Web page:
Monday, 12 December 2011


'Mele Kalikimaka' to all with this Christmas themed Higa and Kanahele tale...

What Partners Are For

HPD detective Ray Kanahele sat on a bench in front of Leonard’s Bakery on Kapahulu Avenue. He popped the last of a warm, cinnamon malasada into his mouth and sighed contentedly. He wiped sugar and oil from his fingers with a napkin and picked up the slim stack of papers that lay clipped together on the seat next to him. He squinted up in the late morning Hawaiian sun and looked at his wiry partner, Jake Higa, who stood on the walkway a few feet to his right. The health-conscious Higa was unobtrusively running through what he referred to as a “micro-stretch-break.” The Japanese-American detective was rolling his shoulders, bending at the knees and waist and turning his head slowly from left to right.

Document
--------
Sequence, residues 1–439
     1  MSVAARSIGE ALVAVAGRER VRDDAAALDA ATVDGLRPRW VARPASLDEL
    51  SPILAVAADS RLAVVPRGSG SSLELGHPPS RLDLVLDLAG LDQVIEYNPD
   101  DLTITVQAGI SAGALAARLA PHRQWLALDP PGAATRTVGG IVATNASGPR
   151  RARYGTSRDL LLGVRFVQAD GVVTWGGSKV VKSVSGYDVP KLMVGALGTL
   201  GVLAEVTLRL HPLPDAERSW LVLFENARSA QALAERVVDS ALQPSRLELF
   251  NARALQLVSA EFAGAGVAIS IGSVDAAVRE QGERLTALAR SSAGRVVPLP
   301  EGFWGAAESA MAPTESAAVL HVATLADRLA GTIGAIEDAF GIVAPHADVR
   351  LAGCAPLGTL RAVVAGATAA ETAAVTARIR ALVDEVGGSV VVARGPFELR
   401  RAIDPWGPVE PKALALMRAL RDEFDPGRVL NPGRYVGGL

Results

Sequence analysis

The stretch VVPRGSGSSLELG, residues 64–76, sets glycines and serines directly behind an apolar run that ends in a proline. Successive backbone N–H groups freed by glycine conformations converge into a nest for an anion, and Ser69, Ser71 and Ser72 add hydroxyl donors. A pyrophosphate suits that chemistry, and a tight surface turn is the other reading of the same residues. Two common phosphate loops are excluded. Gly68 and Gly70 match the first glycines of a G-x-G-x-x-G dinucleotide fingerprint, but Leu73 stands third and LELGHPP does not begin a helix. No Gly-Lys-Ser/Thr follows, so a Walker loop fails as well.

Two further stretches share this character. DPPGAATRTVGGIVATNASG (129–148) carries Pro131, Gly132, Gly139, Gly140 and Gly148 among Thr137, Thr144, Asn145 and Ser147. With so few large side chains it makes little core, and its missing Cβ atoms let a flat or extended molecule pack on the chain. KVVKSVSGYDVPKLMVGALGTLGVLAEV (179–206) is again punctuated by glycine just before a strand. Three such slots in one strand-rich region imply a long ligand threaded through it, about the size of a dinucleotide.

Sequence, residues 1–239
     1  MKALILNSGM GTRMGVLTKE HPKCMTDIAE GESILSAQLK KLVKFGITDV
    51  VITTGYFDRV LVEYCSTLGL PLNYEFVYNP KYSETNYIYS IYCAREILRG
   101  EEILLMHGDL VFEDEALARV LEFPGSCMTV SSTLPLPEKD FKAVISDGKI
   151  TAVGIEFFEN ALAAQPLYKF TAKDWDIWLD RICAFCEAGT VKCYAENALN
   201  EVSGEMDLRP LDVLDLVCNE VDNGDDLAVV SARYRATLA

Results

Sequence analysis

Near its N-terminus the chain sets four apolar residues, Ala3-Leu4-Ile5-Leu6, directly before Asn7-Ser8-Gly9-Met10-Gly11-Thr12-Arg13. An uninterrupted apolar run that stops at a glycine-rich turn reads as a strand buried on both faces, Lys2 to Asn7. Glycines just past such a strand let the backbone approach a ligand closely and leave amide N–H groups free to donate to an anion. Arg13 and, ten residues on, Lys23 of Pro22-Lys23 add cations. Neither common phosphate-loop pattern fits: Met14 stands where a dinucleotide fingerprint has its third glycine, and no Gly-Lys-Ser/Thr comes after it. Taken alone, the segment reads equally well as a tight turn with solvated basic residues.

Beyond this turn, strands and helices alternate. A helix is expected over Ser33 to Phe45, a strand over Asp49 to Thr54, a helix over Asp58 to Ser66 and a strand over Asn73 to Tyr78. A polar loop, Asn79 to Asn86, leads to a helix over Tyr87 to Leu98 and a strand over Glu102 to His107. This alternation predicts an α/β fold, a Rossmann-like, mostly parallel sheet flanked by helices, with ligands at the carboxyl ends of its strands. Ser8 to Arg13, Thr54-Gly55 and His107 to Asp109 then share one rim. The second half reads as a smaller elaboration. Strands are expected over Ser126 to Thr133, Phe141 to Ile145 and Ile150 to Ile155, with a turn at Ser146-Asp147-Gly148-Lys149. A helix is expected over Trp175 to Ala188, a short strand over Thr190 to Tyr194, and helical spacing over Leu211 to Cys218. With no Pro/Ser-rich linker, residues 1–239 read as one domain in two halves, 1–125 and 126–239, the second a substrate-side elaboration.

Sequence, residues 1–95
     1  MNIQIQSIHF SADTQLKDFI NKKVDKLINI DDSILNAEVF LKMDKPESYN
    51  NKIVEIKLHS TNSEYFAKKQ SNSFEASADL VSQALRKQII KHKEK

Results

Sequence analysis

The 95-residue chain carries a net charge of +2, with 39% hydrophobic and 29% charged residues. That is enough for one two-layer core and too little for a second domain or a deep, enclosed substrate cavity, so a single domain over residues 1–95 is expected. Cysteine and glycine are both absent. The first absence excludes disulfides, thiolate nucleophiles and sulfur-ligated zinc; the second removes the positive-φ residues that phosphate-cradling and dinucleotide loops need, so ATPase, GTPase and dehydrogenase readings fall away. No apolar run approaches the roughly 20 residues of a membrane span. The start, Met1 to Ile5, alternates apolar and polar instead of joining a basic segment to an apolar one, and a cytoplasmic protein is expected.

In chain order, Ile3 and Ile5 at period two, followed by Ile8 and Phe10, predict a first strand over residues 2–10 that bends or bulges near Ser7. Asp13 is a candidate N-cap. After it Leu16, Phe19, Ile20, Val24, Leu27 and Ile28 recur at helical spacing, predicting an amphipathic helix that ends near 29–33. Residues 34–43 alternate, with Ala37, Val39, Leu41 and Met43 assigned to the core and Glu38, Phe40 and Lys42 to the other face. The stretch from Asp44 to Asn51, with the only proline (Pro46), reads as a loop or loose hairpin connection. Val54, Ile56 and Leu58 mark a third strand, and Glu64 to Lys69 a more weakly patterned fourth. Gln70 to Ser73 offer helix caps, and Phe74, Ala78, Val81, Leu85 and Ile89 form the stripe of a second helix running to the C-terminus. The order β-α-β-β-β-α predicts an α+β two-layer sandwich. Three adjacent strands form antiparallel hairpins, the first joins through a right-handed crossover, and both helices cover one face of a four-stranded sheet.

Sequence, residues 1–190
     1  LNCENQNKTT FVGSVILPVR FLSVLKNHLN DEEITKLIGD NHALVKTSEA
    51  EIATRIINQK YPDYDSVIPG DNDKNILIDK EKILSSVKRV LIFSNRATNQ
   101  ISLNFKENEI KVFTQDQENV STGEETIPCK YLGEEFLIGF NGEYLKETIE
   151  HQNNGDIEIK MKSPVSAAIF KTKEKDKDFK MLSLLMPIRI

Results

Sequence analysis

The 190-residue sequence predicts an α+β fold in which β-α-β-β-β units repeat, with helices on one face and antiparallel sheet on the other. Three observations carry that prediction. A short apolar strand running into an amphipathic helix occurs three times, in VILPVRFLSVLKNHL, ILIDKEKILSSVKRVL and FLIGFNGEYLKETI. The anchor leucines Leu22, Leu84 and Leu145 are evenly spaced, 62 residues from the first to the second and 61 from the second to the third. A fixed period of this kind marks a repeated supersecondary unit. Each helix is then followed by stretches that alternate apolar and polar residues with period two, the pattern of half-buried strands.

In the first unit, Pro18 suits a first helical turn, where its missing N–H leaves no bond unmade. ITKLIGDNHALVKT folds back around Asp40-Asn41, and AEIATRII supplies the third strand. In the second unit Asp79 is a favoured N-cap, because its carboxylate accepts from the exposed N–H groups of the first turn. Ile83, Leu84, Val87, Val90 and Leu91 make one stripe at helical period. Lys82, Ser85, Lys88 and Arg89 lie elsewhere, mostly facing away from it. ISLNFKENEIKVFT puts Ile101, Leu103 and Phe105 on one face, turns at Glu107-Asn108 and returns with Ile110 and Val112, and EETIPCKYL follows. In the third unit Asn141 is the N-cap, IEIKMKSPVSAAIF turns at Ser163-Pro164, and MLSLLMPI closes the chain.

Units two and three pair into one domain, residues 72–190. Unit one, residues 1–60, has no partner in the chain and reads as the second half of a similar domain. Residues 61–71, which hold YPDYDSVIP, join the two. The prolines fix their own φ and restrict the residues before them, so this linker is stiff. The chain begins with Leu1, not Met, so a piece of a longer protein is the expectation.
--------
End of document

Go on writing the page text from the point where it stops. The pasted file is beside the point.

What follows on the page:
“You ever try this shit, Jake?” Kanahele asked as he shuffled a paper to the top of his pile. He pointed a beefy finger at the image of a beer coaster featuring the black-ink figure of a tiger against an orange background. The animal stood beneath a stylized date-palm.
“I’ve had it a few times,” Kanahele continued before Higa could answer. “Tastes like tiger-piss.”
Higa straightened up and smiled. It hadn’t taken the detectives long to determine that the logo in question was that of a cheap beer made in Singapore called Tiger Gold Medal. Still, it was Tuesday and four full days had passed since the aforementioned coaster was discovered in the back pocket of the jeans worn by a ‘Jane Doe’ whose body had been discovered on the bank of the Manoa-Palolo drainage canal out where it ran beneath the bridge on Date Street behind the Ala Wai Golf Course. So far, there wasn’t a shred of helpful forensic evidence. Blunt force trauma was about all the M.E. had to offer. As Kanahele had said, “like we needed her to tell us that!”